SweetSpot: Bob Speake

Astros rookie George Springer homered again on Thursday and now has seven in his past seven games and 10 in May. ESPN Stats & Information sent out this list for most home runs by a rookie in May:

Mark McGwire, 1987 -- 15
Wally Berger, 1930 -- 11
George Springer, 2014 -- 10
Jose Canseco, 1986 -- 10
Wally Joyner, 1986 -- 10
Bob Speake, 1955 -- 10
Walt Dropo, 1950 -- 10

Some good players. Berger was a star in the 1930s, a potential Hall of Famer until he injured his shoulder in 1936. Dropo led the AL in RBIs and total bases as a rookie with the Red Sox and hung for another decade. But who is Bob Speake? I'd never heard of him.

Speake was a 24-year-old rookie outfielder and first baseman for the Cubs. He'd hit .264 with 20 home runs for Des Moines in the Class A in 1954, but according to the book "162-0: Imagine the Perfect Cubs Season," Speake's "power stroke, though, caught manager Stan Hack's attention during spring training, and Speake made the final camp cuts and came north with the Cubs."

Speake didn't start a game in April, pinch-hitting in seven of the Cubs' 15 games that month. He finally started in left field on May 2. Apparently, at least according to a note in Sports Illustrated, Hank Sauer ate tainted shrimp and came down with food poisoning. Sounds suspicious to me. (Sauer was 38 but had hit 41 home runs the year before.) Anyway, Speake got his chance. He went 0-for-3 but hit a three-run triple the next day in a 6-0 win over the Giants and, after going 1-for-5, homered in three straight games. A first baseman in the minors, left field was now his (Hack would remove for defense late in games).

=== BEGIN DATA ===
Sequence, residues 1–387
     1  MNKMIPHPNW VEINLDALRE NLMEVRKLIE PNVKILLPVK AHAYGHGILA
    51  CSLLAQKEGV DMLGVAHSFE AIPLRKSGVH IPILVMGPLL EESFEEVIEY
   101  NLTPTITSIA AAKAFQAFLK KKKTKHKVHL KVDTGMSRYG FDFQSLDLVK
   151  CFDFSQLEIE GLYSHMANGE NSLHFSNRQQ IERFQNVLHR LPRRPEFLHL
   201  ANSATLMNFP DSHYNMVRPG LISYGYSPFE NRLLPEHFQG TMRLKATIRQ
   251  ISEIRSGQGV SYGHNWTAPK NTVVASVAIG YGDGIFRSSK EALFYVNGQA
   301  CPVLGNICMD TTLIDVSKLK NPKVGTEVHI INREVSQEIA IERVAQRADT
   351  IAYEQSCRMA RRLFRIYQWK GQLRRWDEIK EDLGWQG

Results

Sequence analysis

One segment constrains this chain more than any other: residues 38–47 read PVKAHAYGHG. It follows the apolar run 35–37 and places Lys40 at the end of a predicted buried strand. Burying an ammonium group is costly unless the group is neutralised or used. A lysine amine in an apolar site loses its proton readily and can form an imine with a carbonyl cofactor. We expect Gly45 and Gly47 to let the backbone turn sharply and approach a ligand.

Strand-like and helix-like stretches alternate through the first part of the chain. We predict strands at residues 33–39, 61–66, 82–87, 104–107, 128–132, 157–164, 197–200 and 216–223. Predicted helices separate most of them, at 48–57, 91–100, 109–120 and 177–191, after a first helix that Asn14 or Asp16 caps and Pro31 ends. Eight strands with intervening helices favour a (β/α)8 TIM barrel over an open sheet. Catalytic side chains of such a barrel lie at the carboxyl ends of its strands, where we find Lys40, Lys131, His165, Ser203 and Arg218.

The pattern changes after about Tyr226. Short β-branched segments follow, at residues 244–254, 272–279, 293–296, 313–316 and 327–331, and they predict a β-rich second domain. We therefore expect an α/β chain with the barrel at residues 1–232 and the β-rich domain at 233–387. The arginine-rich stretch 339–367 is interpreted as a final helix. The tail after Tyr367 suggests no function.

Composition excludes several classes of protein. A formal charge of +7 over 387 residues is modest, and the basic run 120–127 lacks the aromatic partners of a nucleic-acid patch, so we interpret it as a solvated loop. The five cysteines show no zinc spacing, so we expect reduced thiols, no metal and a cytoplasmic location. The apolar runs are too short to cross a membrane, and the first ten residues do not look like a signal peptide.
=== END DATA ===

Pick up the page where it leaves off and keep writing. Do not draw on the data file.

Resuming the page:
The left-handed hitter would go on to hit .282/.380/.716 in May with 10 home runs and 29 RBIs. In a Memorial Day doubleheader sweep of the Cardinals his home run was the difference in a 1-0 win in the first game. On May 30, he homered in both games of a doubleheader as the Cubs again swept the Cardinals. His home run in the 11th inning of the second game gave the Cubs a 4-3 win. He was hitting third in the lineup, while a second-year shortstop named Ernie Banks was hitting sixth. The Cubs were 27-17 and in second place, a surprising start considering they had gone 64-90 the year before.

It soon came crashing down, for both Speake and the Cubs.

He homered on June 3 -- but would hit just one more the rest of the season. He hit .149 in June and by the middle of the month was back on the bench. He hit .194 in July and .163 in August and started just two games in September. The Cubs would finish 72-81.

The next year, Speak played with Los Angeles of the Pacific Coast League. He made it back to the majors with the Cubs in 1957 and actually played regularly, hitting 16 home runs but just .232. He served as a pinch-hitter with the Giants in 1958 and was done after a few games in '59.

So it goes down as one of the great fluke months in history. One report on a Cubs message board said Speake had a blind spot in his swing and once word got around the league, that was it. A report from spring training in 1956 said Speake "is trying to mend a batting flaw."

But, hey, he has a baseball card and played long enough to earn the nickname "Spook." After his playing days he was in the bowling business in his native Springfield, Missouri, and then became executive vice president of an insurance company in Topeka, Kansas. At 83, he's still alive.





SPONSORED HEADLINES